2. the presence of a malignant tumor of the adrenal cortex, usually a carcinoma;
  3. the presence of a hyperplasia of the same cells, ie a greater synthetic functionality of a group of cells scattered within the adrenal tissue. Statistically, currenal hyperplasia it is more typical of older men, who will suffer from a condition that affects both adrenal glands;
  4. congenital diseases due to genetic alterations of enzymes involved in the degradation of circulating aldosterone, leading to an accumulation of the hormone in the circulation. Much more frequent situations in infants and infancy, but overall much rarer than in previous cases.

Symptoms of primary aldosteronism

THE symptoms of high aldosterone depend on the state of electrochemical imbalance that the excess of aldosterone brings with it: due to the increased renal reabsorption of sodium and water, combined with an excessive excretion of potassium, the most frequent symptoms of this condition are the presence of paresthesias, tetany and transient paralysis, especially in the limbs. Others symptoms of hyperaldosteronism are the presence of tiredness and increased fatigue, high blood pressure and increased stress, weight gain and headache. From a clinical-laboratory point of view, in these patients it is possible to note the onset of high sodium or hypernatremia, low potassium or plasma hypokalaemia or hypokalaemia and increase in plasma volume.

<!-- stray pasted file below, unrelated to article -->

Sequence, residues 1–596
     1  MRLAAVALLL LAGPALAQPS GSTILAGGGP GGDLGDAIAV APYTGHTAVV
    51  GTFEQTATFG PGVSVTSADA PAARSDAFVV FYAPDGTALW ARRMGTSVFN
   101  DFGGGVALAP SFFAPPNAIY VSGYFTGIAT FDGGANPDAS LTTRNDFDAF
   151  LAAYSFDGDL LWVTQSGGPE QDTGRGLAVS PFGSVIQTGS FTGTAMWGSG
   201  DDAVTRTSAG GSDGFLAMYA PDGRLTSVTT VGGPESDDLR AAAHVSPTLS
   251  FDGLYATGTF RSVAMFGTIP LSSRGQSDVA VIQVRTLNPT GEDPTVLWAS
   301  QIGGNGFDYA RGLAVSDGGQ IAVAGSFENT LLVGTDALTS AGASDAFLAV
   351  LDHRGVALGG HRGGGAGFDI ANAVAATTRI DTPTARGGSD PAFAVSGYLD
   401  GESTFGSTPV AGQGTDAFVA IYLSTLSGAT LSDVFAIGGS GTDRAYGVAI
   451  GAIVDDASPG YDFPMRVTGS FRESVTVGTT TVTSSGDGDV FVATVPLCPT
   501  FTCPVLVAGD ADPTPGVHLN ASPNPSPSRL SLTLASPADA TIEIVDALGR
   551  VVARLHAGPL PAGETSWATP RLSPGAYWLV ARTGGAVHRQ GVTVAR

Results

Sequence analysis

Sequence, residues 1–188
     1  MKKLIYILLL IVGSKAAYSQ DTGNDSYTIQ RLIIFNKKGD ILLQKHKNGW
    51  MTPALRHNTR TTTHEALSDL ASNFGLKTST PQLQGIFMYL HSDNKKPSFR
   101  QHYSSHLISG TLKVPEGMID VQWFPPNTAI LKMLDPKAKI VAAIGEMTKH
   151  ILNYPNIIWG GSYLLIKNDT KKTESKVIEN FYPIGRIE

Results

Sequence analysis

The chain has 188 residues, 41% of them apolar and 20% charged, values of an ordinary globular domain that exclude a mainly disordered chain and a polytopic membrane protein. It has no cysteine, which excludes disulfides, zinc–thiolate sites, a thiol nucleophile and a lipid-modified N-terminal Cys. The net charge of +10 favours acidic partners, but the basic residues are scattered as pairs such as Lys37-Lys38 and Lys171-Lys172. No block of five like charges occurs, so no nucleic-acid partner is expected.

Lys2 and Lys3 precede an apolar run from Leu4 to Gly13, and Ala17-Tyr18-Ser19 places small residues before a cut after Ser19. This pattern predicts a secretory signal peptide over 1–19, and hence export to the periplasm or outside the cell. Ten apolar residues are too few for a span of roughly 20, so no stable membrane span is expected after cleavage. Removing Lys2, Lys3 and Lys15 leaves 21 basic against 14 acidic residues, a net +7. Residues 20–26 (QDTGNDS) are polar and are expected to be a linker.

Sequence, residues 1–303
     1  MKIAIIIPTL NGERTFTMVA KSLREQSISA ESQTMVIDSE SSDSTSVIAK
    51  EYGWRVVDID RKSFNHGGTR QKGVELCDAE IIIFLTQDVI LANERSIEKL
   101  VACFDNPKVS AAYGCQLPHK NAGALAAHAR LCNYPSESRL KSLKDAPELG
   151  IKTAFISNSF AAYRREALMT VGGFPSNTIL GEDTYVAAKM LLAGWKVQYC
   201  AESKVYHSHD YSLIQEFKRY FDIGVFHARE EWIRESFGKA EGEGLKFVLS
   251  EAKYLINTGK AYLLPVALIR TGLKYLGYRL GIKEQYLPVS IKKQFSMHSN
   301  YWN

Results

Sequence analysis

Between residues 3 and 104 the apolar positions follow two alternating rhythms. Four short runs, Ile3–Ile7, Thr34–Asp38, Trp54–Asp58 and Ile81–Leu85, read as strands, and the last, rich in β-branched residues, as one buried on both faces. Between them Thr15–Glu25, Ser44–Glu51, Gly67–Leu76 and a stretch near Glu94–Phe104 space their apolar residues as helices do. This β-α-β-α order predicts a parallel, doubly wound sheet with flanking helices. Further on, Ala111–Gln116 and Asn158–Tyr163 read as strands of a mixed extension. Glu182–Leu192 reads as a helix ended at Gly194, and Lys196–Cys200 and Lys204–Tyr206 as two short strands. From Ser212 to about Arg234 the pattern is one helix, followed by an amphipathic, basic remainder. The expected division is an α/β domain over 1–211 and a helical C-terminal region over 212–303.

Treatment of primary aldosteronism

There therapy it is based on a thorough knowledge of the underlying cause. In the case of a tumor, the therapy is of type surgical, whose invasiveness will depend on the benignity or malignancy of the lesion: the surgeon can opt for resections of the only diseased tissue by way laparoscopic, in order to preserve as much as possible the healthy part of the adrenal gland, with complete removal of the adrenal gland. In the case of cellular hyperplasia, a first therapy can be of a medical type through the constant intake of potassium-sparing diuretics, such as eplerenone, with greater specificity for the problem, and spironolactone; if this is not enough, the endocrinologist may decide to surgically remove both adrenal glands to avoid continued hormonal overproduction.

Secondary aldosteronism